The citizen of the world, continued. Miscellaneous

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Harper & Brothers, 1858
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Page 313 - ... with her in creating such a striking resemblance of her works. Thus the arts may be justly termed imitative, even in the article of invention: for in forming a character, contriving an incident, and describing a scene, he must still keep nature in view, and refer every particular of his invention to her standard; otherwise his production will be destitute of truth and probability, without which the beauties of imitation cannot subsist.
Page 211 - ... or their misery. But who are those who make the streets their couch, and find a short repose from wretchedness at the doors of the opulent ? These are strangers, wanderers, and orphans, whose circumstances are too humble to expect redress, and whose distresses are too great even for pity.
Page 16 - The same ambition that actuates a monarch at the head of his army, influenced my father at the head of his table ; he told the story of the ivy-tree, and that was laughed at ; he repeated the jest of the two scholars and one pair of breeches, and the company laughed at that ; but the story of Taffy in the sedan-chair was sure to set the table in a roar.
Page 216 - Though we had no arms, one Englishman is able to beat five French at any time; so we went down to the door where both the sentries were posted, and rushing upon them, seized their arms in a moment, and knocked them down. From thence nine of us ran together to the quay, and seizing the first boat we met, got out of the harbour and put to sea. We had not been here three days before we were taken up by the Dorset privateer, who were glad of so many good hands; and we consented to run our chance.
Page 303 - ... scribendi recte sapere est et principium et fons : rem tibi Socraticae poterunt ostendere chartae, 310 verbaque provisam rem non invita sequentur. qui didicit patriae quid debeat et quid amicis, quo sit amore parens, quo frater amandus et hospes, quod sit conscripti, quod iudicis officium, quae partes in bellum missi ducis, ille profecto 315 reddere personae scit convenientia cuique.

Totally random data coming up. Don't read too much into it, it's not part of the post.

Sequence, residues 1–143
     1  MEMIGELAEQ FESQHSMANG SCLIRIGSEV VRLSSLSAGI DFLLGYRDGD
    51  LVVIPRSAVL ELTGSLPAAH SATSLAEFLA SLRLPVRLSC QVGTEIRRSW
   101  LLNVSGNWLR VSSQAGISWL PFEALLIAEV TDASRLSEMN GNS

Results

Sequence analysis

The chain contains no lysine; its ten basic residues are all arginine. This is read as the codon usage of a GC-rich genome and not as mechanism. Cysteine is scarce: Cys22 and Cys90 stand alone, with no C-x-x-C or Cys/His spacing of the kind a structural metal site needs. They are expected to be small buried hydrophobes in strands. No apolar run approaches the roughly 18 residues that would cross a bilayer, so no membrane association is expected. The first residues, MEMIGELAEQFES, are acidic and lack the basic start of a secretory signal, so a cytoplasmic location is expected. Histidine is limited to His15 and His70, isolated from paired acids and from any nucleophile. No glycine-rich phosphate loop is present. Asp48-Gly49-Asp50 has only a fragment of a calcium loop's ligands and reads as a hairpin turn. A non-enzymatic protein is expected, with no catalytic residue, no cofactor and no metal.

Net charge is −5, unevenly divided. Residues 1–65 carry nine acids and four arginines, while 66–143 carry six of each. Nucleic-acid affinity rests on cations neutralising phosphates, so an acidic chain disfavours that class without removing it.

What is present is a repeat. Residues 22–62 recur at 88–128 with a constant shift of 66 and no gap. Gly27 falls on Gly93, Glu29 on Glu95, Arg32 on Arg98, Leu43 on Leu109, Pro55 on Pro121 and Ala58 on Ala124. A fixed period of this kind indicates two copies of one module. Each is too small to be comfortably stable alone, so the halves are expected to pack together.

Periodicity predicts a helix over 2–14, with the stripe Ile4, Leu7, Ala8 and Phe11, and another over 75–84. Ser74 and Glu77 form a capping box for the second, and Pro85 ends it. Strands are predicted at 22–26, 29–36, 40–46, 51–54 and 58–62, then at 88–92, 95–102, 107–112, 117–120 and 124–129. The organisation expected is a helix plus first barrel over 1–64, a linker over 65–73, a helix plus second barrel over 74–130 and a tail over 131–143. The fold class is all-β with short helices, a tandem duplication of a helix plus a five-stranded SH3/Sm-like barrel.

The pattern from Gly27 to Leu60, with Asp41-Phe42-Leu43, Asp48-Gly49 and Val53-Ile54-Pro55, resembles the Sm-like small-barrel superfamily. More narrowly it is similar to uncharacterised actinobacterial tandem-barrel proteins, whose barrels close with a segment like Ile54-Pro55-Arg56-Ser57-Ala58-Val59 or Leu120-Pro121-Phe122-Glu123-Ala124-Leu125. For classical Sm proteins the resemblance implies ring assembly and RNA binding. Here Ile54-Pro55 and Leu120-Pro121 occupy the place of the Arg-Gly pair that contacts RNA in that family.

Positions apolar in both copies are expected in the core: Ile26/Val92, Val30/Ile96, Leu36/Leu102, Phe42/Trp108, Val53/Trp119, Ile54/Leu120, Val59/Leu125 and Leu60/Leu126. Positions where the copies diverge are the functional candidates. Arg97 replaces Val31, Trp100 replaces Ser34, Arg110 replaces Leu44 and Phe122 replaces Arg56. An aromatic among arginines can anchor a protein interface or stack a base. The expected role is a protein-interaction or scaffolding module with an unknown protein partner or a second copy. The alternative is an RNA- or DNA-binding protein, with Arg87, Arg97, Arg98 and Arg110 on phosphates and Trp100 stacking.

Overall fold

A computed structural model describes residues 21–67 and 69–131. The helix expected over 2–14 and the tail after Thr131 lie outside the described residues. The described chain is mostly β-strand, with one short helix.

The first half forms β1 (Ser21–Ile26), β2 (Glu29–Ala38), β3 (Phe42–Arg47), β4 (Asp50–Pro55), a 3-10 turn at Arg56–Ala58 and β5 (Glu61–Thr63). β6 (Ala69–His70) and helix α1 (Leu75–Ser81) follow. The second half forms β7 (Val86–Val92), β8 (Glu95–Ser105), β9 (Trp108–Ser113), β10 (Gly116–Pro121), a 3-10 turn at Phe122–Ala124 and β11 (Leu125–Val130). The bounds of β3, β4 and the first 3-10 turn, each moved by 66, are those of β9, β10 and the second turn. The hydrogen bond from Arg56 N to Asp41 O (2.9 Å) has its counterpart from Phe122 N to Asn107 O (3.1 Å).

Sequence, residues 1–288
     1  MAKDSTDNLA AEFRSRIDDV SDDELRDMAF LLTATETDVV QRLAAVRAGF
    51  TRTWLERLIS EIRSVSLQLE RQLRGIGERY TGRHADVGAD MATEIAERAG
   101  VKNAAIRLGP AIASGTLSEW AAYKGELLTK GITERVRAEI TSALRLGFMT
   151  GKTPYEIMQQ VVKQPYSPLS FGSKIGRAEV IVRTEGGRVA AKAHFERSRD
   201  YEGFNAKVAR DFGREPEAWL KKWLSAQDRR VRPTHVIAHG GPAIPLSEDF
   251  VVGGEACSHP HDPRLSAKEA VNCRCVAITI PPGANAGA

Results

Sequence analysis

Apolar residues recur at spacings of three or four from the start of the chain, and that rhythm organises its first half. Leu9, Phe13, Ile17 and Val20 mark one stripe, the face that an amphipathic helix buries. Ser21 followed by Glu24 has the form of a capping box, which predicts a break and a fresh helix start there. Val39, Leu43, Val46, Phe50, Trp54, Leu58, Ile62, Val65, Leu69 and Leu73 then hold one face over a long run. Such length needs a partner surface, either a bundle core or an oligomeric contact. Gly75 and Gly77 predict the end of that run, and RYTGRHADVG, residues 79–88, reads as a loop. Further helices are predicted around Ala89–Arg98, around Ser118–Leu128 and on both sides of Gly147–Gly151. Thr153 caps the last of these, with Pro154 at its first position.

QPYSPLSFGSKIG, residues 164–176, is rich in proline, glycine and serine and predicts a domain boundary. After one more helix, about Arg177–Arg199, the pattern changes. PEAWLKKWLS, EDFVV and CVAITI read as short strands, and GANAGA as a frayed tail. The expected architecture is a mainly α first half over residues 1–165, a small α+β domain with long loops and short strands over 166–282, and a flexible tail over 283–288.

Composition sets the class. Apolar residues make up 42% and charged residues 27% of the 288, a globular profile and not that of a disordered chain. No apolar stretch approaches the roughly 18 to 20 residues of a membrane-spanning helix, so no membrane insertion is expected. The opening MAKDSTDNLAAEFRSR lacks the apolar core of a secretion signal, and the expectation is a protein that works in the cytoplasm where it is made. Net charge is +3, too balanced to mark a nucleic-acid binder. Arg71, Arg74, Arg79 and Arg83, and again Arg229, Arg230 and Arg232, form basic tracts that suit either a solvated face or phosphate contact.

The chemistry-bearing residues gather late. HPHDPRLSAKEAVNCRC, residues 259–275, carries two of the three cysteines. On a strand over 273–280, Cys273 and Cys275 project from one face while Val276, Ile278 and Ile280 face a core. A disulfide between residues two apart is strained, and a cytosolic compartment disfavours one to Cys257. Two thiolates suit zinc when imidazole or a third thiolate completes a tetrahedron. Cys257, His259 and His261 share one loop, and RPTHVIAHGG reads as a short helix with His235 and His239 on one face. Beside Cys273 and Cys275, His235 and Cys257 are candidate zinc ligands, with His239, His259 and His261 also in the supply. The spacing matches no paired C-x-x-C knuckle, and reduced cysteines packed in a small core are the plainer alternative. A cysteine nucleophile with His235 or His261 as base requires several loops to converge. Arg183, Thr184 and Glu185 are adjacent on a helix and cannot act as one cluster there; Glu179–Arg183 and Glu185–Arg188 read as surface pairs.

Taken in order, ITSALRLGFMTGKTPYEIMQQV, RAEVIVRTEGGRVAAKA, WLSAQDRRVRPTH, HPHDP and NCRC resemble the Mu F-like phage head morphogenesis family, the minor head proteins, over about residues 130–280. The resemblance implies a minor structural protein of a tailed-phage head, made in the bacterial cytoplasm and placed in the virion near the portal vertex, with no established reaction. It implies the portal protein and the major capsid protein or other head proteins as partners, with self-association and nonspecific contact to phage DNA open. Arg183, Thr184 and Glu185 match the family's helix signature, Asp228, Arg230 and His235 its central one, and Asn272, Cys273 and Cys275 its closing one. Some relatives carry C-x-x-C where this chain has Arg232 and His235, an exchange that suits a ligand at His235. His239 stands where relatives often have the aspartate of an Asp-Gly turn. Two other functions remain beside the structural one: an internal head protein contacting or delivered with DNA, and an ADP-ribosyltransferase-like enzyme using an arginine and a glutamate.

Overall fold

Page 123 - Here, cried he, in raptures to himself, here it is ; under this stone there is room for a very large pan of diamonds indeed. I must e'en go home to my wife, and tell her the whole affair, and get her to assist me in turning it up.
Page 130 - The old man's passion for confinement is similar to that we all have for life. We are habituated to the prison, we look round with discontent, are displeased with the abode, and yet the length of our captivity only increases our fondness for the cell. The trees we have planted, the houses we have built, or the posterity we have begotten, all serve to bind us closer to earth, and...
Page 215 - When the peace came on, I was discharged , and, as I could not work, because my wound was sometimes painful, I listed for a landinan in the East India Company's service. I here fought the French in six pitched battles ; and verily believe that, if I could read or write, our captain would have given me promotion, and made me a corporal.
Page 214 - Here I lived an easy kind of a life for five years. I only wrought ten hours in the day, and had my meat and drink provided for my labour.
Page 99 - ... found fit for you ; it will be your support in youth, and comfort in age. In learning the useful part of every profession, very moderate abilities will suffice ; even if the mind be a little balanced with stupidity, it may in this case be useful.

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